Schuylkill, a river of Pennsylvania, which rises
N. W. of the Kittatinny mountains, and is navi-
gable from above Reading to its entrance into the
Delaware, 5 m. below Philadelphia.

Schwabach, a town of Bavaria, in the principal-
ity of Anspach, with numerous manufactures.
It stands on a river of the same name, which
flows into the Rednitz, 12 m. E. by N. of Anspach.

Schicalbach. a town of Germany, in the duchy
of Nassau, frequented for its mineral waters;
seated on the river Aa, 32 m. W. of Frankfort.

Sehwalenburg, a town of Westphalia, in the
county of Lippe, 18 m. N. E. of Paderborn.

Schwan, a town of Germany, in the duchy of
Mecklenburg, on the river Warnow, 10 m. N. of

Schwandorf, a town of Bavaria, in the princi-
pality of Neuburg, on the river Nab, 21 m. N. of

Schwanmstadt, a town of Austria, near which
the lfaer ch gained a decisive victory over the
























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Austrians in 1800. It is seated on the Ager, 25
m. S. W. of Lintz.

Schwartz burg, an ancient castle of Germany,
which gives name to a district belonging to tiie
house of Saxony. The district is divided into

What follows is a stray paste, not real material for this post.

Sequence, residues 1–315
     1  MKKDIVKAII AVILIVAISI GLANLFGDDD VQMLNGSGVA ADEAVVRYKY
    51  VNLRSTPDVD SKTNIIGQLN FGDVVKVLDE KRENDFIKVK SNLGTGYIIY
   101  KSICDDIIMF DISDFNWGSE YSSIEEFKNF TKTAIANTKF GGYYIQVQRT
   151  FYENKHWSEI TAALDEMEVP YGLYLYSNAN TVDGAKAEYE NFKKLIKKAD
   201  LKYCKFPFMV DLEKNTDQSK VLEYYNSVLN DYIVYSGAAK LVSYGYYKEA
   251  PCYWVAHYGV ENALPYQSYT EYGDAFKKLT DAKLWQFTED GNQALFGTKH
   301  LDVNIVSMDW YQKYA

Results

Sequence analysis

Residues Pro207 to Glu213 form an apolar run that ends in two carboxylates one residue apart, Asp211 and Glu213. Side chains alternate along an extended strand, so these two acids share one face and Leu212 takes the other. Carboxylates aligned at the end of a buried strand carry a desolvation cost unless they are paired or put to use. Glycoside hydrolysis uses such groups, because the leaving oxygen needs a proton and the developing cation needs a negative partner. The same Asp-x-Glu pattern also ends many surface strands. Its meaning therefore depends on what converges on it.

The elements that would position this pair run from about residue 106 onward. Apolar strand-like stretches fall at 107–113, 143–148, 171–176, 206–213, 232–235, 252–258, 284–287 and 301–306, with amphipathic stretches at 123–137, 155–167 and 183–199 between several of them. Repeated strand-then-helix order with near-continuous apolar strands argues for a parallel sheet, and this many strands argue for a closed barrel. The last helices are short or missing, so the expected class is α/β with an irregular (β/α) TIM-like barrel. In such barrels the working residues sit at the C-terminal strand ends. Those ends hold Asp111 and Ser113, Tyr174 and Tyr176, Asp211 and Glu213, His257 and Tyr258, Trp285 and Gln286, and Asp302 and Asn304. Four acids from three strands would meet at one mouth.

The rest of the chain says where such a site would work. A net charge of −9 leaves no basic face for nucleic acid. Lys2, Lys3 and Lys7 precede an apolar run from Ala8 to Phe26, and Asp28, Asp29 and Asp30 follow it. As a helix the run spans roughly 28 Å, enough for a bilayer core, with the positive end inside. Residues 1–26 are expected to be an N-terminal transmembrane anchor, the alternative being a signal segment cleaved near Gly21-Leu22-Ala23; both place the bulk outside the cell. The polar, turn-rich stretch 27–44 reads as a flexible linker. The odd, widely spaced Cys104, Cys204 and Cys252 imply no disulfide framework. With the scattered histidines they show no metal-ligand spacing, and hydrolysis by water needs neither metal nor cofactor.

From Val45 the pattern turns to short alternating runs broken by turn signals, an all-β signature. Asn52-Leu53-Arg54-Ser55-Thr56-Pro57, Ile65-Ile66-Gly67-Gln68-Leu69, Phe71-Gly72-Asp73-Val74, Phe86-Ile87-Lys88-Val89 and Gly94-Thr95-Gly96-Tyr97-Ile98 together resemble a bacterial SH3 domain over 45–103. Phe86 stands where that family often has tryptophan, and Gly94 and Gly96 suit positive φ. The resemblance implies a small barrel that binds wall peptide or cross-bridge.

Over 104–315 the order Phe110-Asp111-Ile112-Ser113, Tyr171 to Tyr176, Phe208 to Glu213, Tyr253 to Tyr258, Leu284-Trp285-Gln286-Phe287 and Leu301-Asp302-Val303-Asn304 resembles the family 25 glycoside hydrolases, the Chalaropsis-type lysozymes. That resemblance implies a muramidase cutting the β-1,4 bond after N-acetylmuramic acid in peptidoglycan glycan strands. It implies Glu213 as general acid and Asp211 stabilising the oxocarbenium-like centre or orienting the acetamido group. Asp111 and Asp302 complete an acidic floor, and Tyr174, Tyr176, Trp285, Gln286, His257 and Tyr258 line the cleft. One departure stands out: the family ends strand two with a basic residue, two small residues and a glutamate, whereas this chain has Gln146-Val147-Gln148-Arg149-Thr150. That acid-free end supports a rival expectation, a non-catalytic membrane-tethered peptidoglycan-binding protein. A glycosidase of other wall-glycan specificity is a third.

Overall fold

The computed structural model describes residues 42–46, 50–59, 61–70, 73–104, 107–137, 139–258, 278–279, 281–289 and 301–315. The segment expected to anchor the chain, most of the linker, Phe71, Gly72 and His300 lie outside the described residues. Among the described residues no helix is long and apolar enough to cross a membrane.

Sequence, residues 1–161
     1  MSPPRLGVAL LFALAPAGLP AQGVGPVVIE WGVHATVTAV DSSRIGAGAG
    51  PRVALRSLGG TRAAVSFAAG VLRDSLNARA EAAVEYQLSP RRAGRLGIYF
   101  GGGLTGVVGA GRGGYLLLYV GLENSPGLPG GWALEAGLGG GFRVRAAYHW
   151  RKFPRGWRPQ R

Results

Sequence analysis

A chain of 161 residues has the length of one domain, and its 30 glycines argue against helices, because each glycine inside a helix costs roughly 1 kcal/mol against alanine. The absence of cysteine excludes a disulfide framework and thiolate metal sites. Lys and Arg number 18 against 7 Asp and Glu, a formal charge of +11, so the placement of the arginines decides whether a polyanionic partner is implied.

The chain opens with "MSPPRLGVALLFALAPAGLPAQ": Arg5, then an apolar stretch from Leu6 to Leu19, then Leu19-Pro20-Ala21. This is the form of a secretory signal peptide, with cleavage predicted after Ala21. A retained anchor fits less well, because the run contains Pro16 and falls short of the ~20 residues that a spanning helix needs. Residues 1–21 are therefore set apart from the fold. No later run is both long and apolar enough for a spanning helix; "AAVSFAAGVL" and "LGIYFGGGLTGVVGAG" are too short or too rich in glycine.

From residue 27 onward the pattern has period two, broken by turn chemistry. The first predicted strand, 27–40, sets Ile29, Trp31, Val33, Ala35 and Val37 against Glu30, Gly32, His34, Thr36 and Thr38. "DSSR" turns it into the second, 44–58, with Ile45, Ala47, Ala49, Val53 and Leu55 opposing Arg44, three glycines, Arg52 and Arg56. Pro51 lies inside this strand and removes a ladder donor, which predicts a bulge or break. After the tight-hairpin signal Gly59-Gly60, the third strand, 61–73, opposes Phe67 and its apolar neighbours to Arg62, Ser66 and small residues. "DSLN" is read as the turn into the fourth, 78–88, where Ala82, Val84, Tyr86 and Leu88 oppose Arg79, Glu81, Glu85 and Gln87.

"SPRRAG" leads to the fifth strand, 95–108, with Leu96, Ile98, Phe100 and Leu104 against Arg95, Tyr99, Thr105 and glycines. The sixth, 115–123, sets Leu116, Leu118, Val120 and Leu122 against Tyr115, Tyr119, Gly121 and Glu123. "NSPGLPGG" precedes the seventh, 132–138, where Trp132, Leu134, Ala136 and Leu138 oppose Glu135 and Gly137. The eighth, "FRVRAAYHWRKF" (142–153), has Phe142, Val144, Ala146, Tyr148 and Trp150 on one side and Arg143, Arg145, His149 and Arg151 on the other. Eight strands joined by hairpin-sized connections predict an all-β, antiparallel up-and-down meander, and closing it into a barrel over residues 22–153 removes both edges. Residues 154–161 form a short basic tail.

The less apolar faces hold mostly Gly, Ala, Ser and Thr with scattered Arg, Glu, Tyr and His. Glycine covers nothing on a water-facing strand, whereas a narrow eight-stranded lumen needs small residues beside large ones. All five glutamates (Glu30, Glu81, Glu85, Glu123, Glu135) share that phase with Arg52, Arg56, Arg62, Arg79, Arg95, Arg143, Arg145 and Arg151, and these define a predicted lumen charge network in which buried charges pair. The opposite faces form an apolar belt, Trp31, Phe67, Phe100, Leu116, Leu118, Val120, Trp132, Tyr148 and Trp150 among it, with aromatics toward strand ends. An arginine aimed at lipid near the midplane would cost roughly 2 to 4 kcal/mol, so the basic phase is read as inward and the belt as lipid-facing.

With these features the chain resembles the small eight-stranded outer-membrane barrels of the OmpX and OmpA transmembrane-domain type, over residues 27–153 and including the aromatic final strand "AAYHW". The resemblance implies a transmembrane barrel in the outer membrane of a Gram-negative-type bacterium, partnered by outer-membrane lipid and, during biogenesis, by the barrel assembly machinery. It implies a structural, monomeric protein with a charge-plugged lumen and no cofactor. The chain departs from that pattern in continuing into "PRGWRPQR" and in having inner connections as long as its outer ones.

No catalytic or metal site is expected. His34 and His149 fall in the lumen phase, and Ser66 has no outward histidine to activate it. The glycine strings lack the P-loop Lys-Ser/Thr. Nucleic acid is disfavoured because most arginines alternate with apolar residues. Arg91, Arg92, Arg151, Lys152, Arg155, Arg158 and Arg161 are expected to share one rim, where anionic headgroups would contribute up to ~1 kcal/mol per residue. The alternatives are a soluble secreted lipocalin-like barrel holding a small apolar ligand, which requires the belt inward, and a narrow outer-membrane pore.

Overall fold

two parts, the upper and lower, each bearing the
name of county. Rudolstadt and Sondershausen
are the chief towns. The castle is seated on the
Schw7artz, 7 m. S W. of Rudolstadt.

Schicartzcnberg, a town of Bavarian Franconia
in a principality of the same name, w7ith a castle
seated on^ie Lee, 24 m. E. S. E. of Wurtzburg

Schwartzenberg, a town of Saxony, with wire
and kce manufactures. In the vicinity are iron
forges, and mines of tin and lead. It is 10 m.
W. S. W. of Annaberg.

Schwartzenburg, a town of Switzerland, capital
of a bailiwic, in the canton of Bern. 10 m. S. E.
of Friburg, and 17 S. S. W. of Bern.

Schwatz, a town of Austria, in Tyrol, with a sil
ver and copper mine ; sealed on the river Inn, 14
m. N. E. of Inspruc.

Schwedt, a town of Prussia, in Brandenburg,
with a magnificient castle, seated on the Oder, 24
m. S. E. of Prenzio.

Schweidnitz, a strong city of Prussia, in the gov-
ernment of Reichenbach, capital of a principality
of the same name, with a castle. Half of the
magistrates are Catholics, but most of the inhabi-